The Tallahassee Board of REALTORS® Contract for Sale and Purchase does an excellent job defining how the results of the WDO report will be received by both Buyer and Seller. When I teach this portion of the contract to my Tallahassee real estate agents, I tell them to remember the word "Control." Sub-paragraphs A through C define who has control of the decision making process after the WDO report has been received.
This means that the contract "controls" the WDO treatment, as both parties have agreed that if the cost to remedy the WDO damage is less than 2% of the purchase price of the home, the Buyer and Seller have already agreed that the Seller will pay for the treatment and repairs. The next part switches "control" from the contract to the Seller. If the repairs cost more than expected, but less than 3% of the purchase price, the Seller has the option to go ahead and treat and repair them, and the Buyer must close on the home. The key here is that if the Seller chooses to repair the problem, the Buyer has no say in the issue and the contract is still valid. But, if the Seller says "no" to the additional costs, "control" switches to the Buyer. The Buyer can decide to pay for the additional costs, or can choose to void the contract. Finally, if the costs are greater than 3%, "control" switches directly to Buyer first. Even if the Seller is willing to treat all repairs, Buyer can deem the contract void. Sometimes, home buyers just don't want to buy a home that has seen that much damage due to wood destroying organisms, and the contract gives them the right to do so.
A . If report shows infestation and/or damage, SELLER shall treat the infestation and/or repair the damage up to the amount provided in Clause #5, or if none stipulated, up to 2% of purchase price; or
Ultimately, the "control" issues are well handled by the contract. It clearly defines all points at which a decision is to be made and by whom it shall be made. It also specifies that Buyer can choose to buy the home regardless of what Seller is willing to do.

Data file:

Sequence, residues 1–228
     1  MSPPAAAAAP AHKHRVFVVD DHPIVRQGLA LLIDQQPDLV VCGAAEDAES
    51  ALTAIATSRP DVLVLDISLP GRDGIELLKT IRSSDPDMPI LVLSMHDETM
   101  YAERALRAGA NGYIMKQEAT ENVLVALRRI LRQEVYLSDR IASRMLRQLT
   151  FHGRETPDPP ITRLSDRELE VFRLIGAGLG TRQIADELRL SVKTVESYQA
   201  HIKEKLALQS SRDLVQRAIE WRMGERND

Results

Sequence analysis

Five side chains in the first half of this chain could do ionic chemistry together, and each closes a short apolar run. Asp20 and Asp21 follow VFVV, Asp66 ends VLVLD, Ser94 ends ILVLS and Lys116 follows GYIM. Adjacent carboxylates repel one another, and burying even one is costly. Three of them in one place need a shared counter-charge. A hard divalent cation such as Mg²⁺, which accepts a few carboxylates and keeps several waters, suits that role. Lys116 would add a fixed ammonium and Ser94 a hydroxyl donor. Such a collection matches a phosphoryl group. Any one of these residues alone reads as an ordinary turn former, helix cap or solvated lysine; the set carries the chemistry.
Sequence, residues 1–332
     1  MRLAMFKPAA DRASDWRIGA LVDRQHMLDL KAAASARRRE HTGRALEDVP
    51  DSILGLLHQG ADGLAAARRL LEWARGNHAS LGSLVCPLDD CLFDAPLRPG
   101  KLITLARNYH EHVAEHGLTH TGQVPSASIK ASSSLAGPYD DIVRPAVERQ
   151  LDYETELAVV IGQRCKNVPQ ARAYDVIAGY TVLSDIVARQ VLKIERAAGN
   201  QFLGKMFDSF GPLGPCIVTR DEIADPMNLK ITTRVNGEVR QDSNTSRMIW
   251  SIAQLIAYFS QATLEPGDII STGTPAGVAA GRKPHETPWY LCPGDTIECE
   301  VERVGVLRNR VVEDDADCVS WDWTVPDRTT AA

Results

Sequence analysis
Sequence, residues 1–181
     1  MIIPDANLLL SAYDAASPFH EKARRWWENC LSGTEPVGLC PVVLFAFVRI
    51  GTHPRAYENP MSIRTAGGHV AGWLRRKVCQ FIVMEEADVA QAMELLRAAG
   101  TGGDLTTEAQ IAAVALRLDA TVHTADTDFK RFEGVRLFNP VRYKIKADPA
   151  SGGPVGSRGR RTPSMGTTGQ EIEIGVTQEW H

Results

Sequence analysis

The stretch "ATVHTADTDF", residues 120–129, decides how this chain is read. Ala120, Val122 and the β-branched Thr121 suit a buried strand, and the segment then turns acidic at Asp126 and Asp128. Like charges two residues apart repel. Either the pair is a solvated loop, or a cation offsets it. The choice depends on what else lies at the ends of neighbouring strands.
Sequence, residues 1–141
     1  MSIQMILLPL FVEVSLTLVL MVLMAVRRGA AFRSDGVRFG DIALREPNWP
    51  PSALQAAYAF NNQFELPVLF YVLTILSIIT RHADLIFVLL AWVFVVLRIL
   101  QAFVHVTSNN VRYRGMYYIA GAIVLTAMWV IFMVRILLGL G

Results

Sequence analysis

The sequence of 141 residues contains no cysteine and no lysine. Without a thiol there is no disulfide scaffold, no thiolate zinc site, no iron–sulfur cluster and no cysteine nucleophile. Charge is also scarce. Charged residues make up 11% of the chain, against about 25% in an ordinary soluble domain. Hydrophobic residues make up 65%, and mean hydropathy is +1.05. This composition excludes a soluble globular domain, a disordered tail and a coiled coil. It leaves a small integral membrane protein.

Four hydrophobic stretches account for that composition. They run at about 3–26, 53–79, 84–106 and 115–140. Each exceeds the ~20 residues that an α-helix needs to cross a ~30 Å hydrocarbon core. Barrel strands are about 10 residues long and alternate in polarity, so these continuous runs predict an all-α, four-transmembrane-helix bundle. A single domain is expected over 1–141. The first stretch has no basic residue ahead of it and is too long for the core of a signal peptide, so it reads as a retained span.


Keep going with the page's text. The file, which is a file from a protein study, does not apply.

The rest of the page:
B. If the amount required for treatment and/or repairs is in excess of amount provided in Clause #5, and SELLER agrees to remedy and/or repair, BUYER agrees to complete purchase. However, if the amount required for treatment and/or repairs is in excess of 3% of purchase price, and even if SELLER is willing to make treatment and/or repairs, BUYER may void Contract within 5 days of receipt of WDO report and repair estimate, by notifying SELLER, in writing, on the Tallahassee Board of REALTORS® Termination Form and BUYER will receive a refund of Deposit upon signing of the Termination Form.
If the amount required for treatment and/or repairs is in excess of the amount provided and SELLER will not remedy and/or repair, BUYER will have the right to accept the Property without regard to infestation and/or damage with SELLER paying toward treatment and/or repairs up to amount provided in Clause #5; or BUYER may void Contract by notifying SELLER, in writing, on the Tallahassee Board of Realtors Termination Form and BUYER will receive a refund of Deposit upon signing of the Termination Form.
I hope this helped clarify how we treat Wood Destroying Organisms in Tallahassee. If you have any horror stories, or even good, positive stories, please add them below in the comments section!
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Joe Manausa is a real estate blogger, a real estate investor and the Broker and Co-Owner of Joe Manausa Real Estate. He can be reached via e-mail through the Tallahassee Real Estate Website or catch his latest writings on the Tallahassee Florida Real Estate Blog , or by calling (850) 386-2001.
Joe Manausa, MBA is a 26 year veteran of real estate brokerage in Tallahassee, Florida and has owned and managed his own company since 1992. He is a daily blogger with content that focuses on real estate analytics and providing his clients with a tactical advantage in today's challenging market.